BCRF's Zoë Mintz shares how her mother's diagnosis empowered her to advance the cause.
This blog was written by Zoë Mintz, BCRF's Manager of Digital Communications
Growing up, separation anxiety was my second name. I was the kid who hid behind her mom’s legs, refusing to leave her side. I cried for two weeks straight during my first year at sleep away camp. No matter how hard I begged to come home, my mom told me to stay strong and stick it out. I’m glad I did.
Today my family is facing a greater challenge—one that may prove to separate my mom and me forever. In 2009 my mom was diagnosed with breast cancer. After successfully completing treatment, her cancer returned four years later. Today she is living with stage IV breast cancer, also known as metastatic disease.
My mom has triple negative breast cancer—a rare and aggressive form of the disease. Funny enough, these two words describe my mom too. Her colorful outfits, big binder filled with lab results and unabashed tenacity are hard to miss at the hospital where she collaborates with several doctors to determine her treatment plan. She has obtained an honorary PhD in her diagnosis—constantly reading scientific journals, investigating new clinical trials and following cancer conferences online. At the doctor’s office, a bystander could easily mistake the interaction as a conversation among colleagues where they discuss treatments, dosage and side effects in clinical terms. This high level knowledge is not for everyone; however it’s how my mom found her power in the direst circumstances.
When my mom was initially diagnosed, I was in college, and I rallied my family and friends to fundraise for her hospital in Montreal, Canada. It was an empowering experience that allowed us to create something positive in a difficult time. When her cancer recurred, I was living and working in New York City. This time I wasn’t able to be her “cancierge” —be by her side during treatment, keep her company in hospital waiting rooms or pick up trashy tabloid magazines to distract her when the side effects kicked in.
But I found a different way to work in tandem with my mom: a friend sent me a job opening at the Breast Cancer Research Foundation, which I learned is the nation’s highest-rated breast cancer charity dedicated solely to advancing research.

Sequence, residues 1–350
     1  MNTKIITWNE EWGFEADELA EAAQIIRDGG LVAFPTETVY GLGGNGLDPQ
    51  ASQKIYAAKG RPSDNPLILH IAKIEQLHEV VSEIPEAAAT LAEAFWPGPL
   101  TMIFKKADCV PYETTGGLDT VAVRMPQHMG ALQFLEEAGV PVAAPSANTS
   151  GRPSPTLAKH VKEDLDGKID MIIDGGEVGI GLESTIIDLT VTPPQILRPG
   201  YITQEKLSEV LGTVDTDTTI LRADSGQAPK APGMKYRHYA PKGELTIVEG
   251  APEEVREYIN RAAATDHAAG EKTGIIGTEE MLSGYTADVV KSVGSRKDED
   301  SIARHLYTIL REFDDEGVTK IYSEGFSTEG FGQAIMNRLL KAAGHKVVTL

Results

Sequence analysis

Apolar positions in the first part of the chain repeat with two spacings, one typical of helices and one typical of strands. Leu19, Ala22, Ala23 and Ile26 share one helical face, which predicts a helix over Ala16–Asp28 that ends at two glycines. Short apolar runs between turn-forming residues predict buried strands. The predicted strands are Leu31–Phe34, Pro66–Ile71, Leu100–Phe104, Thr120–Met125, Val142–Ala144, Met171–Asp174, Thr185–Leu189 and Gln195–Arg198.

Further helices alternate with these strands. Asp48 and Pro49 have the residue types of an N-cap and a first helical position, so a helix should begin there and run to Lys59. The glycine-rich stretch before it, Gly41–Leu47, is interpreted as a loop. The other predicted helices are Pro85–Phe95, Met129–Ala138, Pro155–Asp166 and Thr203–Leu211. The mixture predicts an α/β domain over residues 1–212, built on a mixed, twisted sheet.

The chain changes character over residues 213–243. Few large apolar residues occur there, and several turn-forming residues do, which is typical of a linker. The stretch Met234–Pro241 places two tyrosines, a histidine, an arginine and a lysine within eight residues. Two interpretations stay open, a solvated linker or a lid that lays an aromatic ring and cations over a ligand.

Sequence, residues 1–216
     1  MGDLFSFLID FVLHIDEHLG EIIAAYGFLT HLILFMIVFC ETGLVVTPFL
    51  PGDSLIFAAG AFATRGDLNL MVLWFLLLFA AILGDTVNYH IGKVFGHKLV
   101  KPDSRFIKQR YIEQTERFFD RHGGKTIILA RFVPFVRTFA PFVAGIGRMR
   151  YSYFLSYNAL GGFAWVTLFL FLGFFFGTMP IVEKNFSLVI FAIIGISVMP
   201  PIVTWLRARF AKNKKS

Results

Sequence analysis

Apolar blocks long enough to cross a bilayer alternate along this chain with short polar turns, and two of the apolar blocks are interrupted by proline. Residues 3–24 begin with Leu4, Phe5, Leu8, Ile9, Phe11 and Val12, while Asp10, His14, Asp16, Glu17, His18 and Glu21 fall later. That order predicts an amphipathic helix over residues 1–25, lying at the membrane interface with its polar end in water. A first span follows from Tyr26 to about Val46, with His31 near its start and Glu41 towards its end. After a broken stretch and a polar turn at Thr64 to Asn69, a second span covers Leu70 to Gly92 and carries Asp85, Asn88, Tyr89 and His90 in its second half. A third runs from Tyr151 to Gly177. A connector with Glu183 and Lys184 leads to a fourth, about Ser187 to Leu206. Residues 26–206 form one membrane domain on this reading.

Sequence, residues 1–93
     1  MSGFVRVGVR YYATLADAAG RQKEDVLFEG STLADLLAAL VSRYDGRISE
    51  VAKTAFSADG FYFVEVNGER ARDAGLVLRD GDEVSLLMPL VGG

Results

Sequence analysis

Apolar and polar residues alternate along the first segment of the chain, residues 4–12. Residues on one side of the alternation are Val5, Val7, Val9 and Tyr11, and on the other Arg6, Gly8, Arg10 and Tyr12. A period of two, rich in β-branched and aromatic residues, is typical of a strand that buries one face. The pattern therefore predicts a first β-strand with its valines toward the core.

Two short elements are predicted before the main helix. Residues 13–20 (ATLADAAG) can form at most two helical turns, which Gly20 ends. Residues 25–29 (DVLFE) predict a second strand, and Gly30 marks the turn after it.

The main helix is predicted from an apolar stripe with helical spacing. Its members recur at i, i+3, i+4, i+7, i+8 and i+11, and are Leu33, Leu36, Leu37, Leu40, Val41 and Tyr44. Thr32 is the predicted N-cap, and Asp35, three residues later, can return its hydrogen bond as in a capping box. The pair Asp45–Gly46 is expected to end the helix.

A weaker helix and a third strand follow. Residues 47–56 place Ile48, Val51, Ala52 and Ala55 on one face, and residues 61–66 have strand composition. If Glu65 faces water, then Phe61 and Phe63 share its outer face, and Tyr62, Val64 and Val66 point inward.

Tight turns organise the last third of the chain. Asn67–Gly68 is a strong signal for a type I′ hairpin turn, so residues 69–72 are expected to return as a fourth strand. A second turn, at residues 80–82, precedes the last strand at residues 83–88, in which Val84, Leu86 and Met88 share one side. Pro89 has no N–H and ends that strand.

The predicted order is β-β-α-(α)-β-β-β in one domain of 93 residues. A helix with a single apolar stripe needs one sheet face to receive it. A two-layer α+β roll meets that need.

While I couldn’t physically be with my mom day-to-day, this opportunity was a powerful way to stay involved in her journey.
As the manager of digital communications, I often speak with BCRF fundraisers, many of whom find themselves in situations similar to my own. We connect on the devastating effects of this disease and share thoughts on the considerable advances research has made possible. In my professional role, I’m also able to interact directly with many BCRF researchers, report on their latest studies, meet with them at medical conferences and hear their personal reasons for dedicating their careers to breast cancer research.
Forget George Clooney or the Oscars. My mom goes berserk when she hears I met Dr. Leisha Emens, an oncologist who specializes in immunotherapy, or attended the San Antonio Breast Cancer Symposium. My mom’s experience informs everything I do at the Foundation. While I share the latest BCRF-funded research in cancer vaccines with supporters like you, my mom is in Montreal receiving some of these new medications in clinical trials. She takes risks to get the best care possible. And our researchers take risks—thinking outside the box, following challenging leads and making bold moves—to uncover the next breakthrough.
My mom’s example energizes me every day. She doesn’t give up, no matter how difficult the circumstances. While cancer is a club neither of us wanted to be invited to, it has bound us together in ways I never believed possible. It’s this bond that brought me to BCRF and helped me find my passion, power and purpose. It’s her strength that will keep me going – regardless of the distance between us.